Find a cool web page online, click the bookmark function on your web browser and here’s what happens: Your browser remembers the location of that page. That’s it. Come back the next day and the page you’ve linked to — for example, a receipt for an online purchase or a form you’ve filled out — has changed. It’s called “dynamic content” — information that changes automatically as user information or a server database changes.
The phrase used again and again to describe LUNARR’s collaboration platform is “deceptively simple.” And the minute you start to play with the idea, you see why. Open up a Microsoft Word document filled with data from a group project you’re working on. Type some new info onto it. But wait, before you attach this thing to an email to send to a co-worker, click on the dog-eared corner in the upper right-hand corner. The document gracefully flips around.
“Web 2.0” is the now-ubiquitous term for websites and applications that allow users to interact and collaborate. Long ago the term degenerated into an overused buzzword, but it’s still around. Why? Because people keep coming up with great ways to interact online. Take OsoEco, for example, which describes itself as a sustainable social shopping community. OsoEco is targeting a type of shopper called social researchers — consumers who spend a significant amount of time learning from other online shoppers before purchasing something.
OK, for No. 10 we’re going to cheat a little. Instead of focusing on one company, here are five young Portland-based web companies. All of them rank in the Top 26 of Techvibes.com’s monthly ranking of startups in Portland. (The Techvibes list averages the findings of two other companies, Alexa and Compete, which track web traffic at thousands of sites.) Maybe these guys aren’t the next eBay — which 71.6 million people visited in April, according to Compete — but they do offer another peek at the creative tech startups that dot Oregon’s business landscape.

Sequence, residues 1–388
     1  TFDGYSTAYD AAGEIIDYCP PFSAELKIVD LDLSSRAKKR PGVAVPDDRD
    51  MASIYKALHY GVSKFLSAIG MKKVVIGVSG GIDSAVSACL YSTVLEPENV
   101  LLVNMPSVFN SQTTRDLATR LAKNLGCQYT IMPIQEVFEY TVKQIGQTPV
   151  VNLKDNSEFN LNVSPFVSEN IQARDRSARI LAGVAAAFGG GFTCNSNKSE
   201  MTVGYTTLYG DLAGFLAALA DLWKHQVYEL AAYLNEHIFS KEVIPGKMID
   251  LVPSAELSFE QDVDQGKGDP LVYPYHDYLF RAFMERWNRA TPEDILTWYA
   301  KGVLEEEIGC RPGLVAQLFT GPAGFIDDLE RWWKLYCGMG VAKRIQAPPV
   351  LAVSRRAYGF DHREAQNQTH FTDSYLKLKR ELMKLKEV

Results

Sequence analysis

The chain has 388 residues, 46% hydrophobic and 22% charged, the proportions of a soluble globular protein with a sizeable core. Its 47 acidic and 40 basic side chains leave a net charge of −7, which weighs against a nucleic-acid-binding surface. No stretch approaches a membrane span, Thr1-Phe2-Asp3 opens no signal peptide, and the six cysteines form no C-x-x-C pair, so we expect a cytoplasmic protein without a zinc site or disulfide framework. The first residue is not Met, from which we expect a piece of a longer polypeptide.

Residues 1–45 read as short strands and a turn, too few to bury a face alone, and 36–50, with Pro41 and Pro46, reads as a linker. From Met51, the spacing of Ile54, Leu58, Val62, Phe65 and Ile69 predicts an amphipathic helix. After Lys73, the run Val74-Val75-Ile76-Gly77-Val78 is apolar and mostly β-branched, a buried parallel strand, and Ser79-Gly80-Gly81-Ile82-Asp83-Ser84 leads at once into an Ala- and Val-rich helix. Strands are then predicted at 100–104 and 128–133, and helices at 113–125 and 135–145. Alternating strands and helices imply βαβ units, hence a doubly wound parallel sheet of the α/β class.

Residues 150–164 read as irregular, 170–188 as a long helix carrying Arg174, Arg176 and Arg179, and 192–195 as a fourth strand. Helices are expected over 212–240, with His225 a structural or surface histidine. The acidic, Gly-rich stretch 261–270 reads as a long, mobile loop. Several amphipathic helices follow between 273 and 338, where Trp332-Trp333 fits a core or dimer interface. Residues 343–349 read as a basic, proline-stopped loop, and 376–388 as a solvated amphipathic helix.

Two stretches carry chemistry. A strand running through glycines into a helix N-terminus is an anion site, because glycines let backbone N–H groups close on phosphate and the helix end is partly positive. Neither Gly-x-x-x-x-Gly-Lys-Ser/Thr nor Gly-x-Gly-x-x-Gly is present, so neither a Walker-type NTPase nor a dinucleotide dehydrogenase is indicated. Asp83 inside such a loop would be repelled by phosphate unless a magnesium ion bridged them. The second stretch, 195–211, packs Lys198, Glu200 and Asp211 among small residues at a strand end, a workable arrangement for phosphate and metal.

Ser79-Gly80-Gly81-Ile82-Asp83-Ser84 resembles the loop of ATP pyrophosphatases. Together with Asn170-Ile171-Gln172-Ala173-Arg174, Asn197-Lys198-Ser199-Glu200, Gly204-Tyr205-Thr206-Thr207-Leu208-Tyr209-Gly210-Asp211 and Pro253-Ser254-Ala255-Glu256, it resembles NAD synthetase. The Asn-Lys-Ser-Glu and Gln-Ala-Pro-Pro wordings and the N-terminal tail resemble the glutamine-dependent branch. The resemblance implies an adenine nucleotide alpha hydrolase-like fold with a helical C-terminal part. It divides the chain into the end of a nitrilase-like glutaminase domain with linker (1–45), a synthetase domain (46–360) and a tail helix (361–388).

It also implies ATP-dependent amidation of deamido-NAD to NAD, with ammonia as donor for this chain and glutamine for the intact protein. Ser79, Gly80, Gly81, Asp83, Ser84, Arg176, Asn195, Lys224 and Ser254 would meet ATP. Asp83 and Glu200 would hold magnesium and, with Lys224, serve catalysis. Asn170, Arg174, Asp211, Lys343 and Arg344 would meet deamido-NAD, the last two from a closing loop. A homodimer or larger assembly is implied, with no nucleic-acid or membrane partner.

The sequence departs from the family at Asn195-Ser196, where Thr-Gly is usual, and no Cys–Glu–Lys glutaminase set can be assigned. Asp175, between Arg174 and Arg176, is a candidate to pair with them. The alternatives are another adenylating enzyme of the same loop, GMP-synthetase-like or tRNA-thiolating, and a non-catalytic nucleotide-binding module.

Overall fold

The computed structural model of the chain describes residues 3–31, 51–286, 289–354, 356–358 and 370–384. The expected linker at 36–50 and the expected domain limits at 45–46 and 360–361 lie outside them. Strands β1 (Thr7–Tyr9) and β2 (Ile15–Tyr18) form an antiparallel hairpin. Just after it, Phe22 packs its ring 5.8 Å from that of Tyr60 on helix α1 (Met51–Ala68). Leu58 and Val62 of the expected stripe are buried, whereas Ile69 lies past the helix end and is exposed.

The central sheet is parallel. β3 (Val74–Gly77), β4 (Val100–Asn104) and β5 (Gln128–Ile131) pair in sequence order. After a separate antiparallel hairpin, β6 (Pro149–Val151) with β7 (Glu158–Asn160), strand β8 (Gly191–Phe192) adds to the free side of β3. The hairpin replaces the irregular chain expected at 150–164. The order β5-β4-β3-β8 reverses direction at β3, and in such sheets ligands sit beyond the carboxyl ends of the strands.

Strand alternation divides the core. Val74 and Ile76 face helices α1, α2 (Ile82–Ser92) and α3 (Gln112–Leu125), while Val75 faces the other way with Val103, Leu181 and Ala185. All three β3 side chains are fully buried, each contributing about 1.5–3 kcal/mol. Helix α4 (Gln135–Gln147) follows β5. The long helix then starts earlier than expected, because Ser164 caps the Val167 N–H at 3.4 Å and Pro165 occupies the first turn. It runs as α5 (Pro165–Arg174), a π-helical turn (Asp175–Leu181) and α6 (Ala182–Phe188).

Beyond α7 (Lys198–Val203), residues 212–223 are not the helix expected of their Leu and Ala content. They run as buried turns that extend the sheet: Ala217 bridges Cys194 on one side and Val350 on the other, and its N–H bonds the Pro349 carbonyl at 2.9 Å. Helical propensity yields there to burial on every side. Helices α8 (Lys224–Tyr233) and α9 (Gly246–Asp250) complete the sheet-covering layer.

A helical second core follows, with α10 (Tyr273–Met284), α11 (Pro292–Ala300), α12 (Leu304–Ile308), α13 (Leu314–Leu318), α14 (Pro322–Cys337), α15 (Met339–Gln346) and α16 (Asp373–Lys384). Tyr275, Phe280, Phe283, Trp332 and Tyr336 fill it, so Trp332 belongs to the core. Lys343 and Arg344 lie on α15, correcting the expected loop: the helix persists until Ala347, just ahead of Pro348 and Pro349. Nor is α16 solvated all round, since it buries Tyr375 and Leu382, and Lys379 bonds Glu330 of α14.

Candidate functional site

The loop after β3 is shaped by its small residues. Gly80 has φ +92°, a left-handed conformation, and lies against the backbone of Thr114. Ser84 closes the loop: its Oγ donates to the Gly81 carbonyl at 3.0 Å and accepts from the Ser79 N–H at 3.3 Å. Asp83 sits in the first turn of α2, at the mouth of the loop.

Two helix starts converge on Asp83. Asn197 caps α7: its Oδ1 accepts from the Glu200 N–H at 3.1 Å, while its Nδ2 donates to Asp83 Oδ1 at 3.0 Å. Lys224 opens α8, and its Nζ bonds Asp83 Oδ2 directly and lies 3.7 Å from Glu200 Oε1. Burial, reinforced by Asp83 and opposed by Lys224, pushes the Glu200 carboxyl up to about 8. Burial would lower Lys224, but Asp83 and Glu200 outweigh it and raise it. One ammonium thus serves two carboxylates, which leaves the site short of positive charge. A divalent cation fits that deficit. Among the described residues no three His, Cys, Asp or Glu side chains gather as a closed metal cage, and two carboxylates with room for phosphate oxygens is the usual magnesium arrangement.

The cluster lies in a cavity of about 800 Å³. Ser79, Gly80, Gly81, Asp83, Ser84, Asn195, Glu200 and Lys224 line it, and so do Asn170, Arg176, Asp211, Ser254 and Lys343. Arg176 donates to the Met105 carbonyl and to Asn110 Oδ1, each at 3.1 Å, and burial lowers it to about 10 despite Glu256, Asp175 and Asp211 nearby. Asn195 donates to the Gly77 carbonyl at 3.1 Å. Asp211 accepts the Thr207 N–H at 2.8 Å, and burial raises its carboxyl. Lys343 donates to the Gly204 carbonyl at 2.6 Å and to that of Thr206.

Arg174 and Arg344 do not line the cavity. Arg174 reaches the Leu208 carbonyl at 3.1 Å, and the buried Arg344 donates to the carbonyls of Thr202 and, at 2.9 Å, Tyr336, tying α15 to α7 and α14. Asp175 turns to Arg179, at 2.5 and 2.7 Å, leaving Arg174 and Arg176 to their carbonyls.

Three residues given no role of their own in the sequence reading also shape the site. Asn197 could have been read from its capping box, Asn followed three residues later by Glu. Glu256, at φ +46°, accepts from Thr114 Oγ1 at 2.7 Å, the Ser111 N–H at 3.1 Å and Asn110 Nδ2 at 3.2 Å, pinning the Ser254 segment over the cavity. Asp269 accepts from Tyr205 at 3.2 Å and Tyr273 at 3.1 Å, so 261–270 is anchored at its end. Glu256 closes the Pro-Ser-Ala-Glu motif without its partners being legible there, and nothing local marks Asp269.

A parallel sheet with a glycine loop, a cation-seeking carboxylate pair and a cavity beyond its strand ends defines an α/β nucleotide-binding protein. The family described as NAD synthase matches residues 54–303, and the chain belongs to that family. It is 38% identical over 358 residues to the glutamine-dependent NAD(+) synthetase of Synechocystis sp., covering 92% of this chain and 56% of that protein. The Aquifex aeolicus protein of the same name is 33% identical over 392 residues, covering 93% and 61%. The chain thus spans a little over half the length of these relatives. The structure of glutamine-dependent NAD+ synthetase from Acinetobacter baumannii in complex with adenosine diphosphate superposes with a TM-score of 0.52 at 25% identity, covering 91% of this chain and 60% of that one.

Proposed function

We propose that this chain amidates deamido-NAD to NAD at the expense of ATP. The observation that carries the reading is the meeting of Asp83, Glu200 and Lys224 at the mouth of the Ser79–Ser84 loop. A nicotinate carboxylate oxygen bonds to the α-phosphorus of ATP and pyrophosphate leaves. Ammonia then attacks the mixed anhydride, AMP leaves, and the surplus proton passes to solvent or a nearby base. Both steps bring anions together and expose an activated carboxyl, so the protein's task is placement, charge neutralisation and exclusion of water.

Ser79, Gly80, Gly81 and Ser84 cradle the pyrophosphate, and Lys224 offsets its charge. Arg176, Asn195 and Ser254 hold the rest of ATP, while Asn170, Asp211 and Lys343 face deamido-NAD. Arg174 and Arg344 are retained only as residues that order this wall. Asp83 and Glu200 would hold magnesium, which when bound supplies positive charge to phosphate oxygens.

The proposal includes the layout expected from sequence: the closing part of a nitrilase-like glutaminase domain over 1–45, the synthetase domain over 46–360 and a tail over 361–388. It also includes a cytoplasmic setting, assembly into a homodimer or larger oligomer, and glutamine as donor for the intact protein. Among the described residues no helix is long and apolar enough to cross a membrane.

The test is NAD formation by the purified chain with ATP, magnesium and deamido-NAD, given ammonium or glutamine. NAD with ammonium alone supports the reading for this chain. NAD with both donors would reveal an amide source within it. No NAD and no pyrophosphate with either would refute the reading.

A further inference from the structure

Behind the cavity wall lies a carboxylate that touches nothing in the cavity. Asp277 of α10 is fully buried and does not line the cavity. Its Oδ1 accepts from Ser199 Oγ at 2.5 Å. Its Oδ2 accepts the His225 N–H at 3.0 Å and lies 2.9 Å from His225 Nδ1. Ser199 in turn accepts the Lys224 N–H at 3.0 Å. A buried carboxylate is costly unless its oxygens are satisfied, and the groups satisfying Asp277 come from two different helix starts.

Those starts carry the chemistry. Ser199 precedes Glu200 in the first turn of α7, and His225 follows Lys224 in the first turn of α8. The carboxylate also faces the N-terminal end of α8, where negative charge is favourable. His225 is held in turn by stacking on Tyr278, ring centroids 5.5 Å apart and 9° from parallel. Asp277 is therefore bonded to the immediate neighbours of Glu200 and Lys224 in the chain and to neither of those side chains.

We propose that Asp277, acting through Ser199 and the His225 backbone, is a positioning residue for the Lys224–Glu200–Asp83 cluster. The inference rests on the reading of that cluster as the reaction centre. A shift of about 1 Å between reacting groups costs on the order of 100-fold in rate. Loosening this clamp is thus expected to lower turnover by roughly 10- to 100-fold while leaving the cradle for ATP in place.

Thursday, August 27, 2015
BY LINDA BAKER
How do you put a baby on the cover of a business magazine without it looking too cutesy?
Tuesday, September 15, 2015
BY LINDA BAKER
The 2016 presidential election is shaping up to be the year of the outsider, with Bernie Sanders and Donald Trump capturing leads in the polls and the headlines. In Portland, Wheeler vs. Hales is bucking the outlier trend.
Wednesday, August 19, 2015
BY BRIAN LIBBY
Ben Kaiser holds his ground.
Wednesday, August 26, 2015